Presenter Information

Sydney AbbottFollow

Academic Level at Time of Presentation

Junior

Major

Earth and Environmental Sciences

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Dr. Bassil El Masri

Presentation Format

Event

Abstract/Description

Linking field observations and satellite data to assess the impacts of environmental controls on water use efficiency, for the state of Kentucky.

Sydney Abbott, Bassil El Masri

Murray State University, Department of Earth and Environmental Sciences

Abstract

Water use efficiency (WUE), the ratio of carbon assimilation to water loss, is a key physiological parameter linking carbon and water cycles. Understanding changes in WUE is critical to quantify the terrestrial ecosystem response to climate change. In this study, we evaluated satellite data against data collected at an eddy covariance site at Kentucky State University for 5 years (2016-2020). We compared the site data to remotely sensed data obtained from ECOSTRESS and MODIS. Our goal is to determine how climate change might have effected water use efficiency. ECOSTRESS, on board the International Space Station, provided new opportunities to monitor plant WUE and water stress from space. We used MODIS Evapotranspiration (ET), latent heat, Gross Primary Productivity (GPP), ECOSTRESS ET and WUE. We calculated MODIS and site WUE as the ratio of GPP to ET. Our results showed that MODIS slightly overestimated the ET from the site data, while MODIS underestimated the WUE compared to the site WUE. ECOSTRESS WUE showed higher values than MODIS WUE. MODIS underestimated GPP compared to the site data in 2016 and overestimated in 2017 and 2018. Results also showed that ET fluctuates with the seasons and changes little between each year. Whereas WUE was lower in 2016, had a huge spike in 2017, and dropped slightly in 2018. However, WUE was still higher in 2018 than in 2016. The GPP was higher in 2017 than both 2016 and 2018 and was lowest in 2016. The importance of this research is to be able to predict future changes in vegetation due to climate change. It is especially important in Kentucky and other farming states, that will be greatly impacted by these changes.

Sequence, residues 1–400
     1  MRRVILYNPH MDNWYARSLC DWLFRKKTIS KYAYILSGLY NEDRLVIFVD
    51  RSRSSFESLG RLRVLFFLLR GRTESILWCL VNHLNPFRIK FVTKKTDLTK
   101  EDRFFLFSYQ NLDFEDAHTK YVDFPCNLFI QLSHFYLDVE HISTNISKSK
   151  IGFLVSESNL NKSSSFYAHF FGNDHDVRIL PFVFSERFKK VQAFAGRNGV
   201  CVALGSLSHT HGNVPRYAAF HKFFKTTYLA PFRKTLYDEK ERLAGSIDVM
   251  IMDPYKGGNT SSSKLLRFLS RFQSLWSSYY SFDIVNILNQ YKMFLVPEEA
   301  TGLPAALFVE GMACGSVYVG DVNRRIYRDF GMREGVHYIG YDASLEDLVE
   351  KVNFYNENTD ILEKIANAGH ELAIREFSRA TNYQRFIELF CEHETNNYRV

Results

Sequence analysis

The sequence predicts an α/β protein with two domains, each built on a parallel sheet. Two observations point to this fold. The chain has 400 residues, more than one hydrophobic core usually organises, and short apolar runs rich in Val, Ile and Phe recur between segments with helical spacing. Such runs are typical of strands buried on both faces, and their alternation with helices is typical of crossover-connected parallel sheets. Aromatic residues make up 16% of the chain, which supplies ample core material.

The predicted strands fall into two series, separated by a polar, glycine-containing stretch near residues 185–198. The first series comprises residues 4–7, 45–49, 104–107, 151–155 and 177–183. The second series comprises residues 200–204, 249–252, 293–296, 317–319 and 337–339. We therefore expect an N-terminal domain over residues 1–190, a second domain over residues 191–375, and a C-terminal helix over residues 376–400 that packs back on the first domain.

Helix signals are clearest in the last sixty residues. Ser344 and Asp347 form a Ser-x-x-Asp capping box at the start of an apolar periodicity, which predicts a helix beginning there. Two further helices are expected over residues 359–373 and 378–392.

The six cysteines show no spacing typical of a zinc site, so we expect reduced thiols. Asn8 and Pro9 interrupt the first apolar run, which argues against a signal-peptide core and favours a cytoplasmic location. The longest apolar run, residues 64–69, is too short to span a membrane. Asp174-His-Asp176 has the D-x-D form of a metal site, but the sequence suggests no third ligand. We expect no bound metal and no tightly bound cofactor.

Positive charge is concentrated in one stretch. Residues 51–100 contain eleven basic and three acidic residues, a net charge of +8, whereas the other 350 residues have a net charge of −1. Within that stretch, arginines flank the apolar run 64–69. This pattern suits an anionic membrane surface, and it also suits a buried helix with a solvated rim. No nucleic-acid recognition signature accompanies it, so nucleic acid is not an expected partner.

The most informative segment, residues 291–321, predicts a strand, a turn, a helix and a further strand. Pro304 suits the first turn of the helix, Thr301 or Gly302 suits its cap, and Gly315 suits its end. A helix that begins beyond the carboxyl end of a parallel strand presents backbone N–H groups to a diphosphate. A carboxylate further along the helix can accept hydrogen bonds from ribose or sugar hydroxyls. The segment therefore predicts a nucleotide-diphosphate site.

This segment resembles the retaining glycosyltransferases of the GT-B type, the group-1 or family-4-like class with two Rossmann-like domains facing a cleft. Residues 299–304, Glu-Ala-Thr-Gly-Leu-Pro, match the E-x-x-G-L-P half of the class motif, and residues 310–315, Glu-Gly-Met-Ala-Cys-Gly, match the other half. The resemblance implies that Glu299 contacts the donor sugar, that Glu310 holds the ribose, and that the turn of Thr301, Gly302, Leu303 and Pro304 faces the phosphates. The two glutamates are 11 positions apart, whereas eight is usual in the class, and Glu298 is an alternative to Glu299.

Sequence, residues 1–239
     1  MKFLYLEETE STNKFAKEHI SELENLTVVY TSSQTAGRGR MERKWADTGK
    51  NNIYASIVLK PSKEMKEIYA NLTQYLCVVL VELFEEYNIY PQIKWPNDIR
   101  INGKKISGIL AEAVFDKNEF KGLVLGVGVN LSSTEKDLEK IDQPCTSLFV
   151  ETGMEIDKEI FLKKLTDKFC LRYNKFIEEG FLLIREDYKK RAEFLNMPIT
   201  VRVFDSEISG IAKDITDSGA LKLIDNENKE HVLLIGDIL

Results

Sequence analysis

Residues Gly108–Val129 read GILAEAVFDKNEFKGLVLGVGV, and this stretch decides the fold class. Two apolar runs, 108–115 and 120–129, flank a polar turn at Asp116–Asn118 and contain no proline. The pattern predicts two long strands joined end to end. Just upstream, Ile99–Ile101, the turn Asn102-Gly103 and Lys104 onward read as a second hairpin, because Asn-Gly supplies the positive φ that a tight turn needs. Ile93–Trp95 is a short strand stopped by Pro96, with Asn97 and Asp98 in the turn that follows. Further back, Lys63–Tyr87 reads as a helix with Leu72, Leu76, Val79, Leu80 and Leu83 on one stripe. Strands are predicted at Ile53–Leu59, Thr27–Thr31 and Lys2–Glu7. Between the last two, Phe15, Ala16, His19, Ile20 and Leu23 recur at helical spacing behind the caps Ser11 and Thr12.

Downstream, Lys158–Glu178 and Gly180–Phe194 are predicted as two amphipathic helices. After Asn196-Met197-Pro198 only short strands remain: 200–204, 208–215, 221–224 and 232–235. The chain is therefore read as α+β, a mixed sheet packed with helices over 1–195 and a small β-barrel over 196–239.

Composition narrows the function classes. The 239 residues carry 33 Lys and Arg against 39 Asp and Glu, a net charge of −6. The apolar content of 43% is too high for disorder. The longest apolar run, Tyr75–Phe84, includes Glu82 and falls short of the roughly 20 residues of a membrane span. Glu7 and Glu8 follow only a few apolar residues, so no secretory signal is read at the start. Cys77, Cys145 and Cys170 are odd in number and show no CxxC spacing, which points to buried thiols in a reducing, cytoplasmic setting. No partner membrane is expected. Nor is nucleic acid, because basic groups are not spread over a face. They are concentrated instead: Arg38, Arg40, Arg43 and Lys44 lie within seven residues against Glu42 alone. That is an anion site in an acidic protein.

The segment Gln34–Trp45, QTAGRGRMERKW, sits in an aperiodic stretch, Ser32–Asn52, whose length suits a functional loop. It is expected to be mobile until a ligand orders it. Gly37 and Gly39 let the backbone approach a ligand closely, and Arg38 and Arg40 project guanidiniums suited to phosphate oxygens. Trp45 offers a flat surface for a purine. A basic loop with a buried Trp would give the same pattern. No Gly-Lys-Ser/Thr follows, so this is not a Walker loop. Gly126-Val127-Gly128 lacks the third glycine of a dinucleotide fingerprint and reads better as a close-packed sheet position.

Keywords: Evapotranspiration, Gross Primary Productivity, Water Use Efficiency, MODIS, ECOSRTESS

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Sigma Xi Poster Competition

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Linking field observations and satellite data to assess the impacts of environmental controls on water use efficiency, for the state of Kentucky.

Linking field observations and satellite data to assess the impacts of environmental controls on water use efficiency, for the state of Kentucky.

Sydney Abbott, Bassil El Masri

Murray State University, Department of Earth and Environmental Sciences

Abstract

Water use efficiency (WUE), the ratio of carbon assimilation to water loss, is a key physiological parameter linking carbon and water cycles. Understanding changes in WUE is critical to quantify the terrestrial ecosystem response to climate change. In this study, we evaluated satellite data against data collected at an eddy covariance site at Kentucky State University for 5 years (2016-2020). We compared the site data to remotely sensed data obtained from ECOSTRESS and MODIS. Our goal is to determine how climate change might have effected water use efficiency. ECOSTRESS, on board the International Space Station, provided new opportunities to monitor plant WUE and water stress from space. We used MODIS Evapotranspiration (ET), latent heat, Gross Primary Productivity (GPP), ECOSTRESS ET and WUE. We calculated MODIS and site WUE as the ratio of GPP to ET. Our results showed that MODIS slightly overestimated the ET from the site data, while MODIS underestimated the WUE compared to the site WUE. ECOSTRESS WUE showed higher values than MODIS WUE. MODIS underestimated GPP compared to the site data in 2016 and overestimated in 2017 and 2018. Results also showed that ET fluctuates with the seasons and changes little between each year. Whereas WUE was lower in 2016, had a huge spike in 2017, and dropped slightly in 2018. However, WUE was still higher in 2018 than in 2016. The GPP was higher in 2017 than both 2016 and 2018 and was lowest in 2016. The importance of this research is to be able to predict future changes in vegetation due to climate change. It is especially important in Kentucky and other farming states, that will be greatly impacted by these changes.

Keywords: Evapotranspiration, Gross Primary Productivity, Water Use Efficiency, MODIS, ECOSRTESS

 

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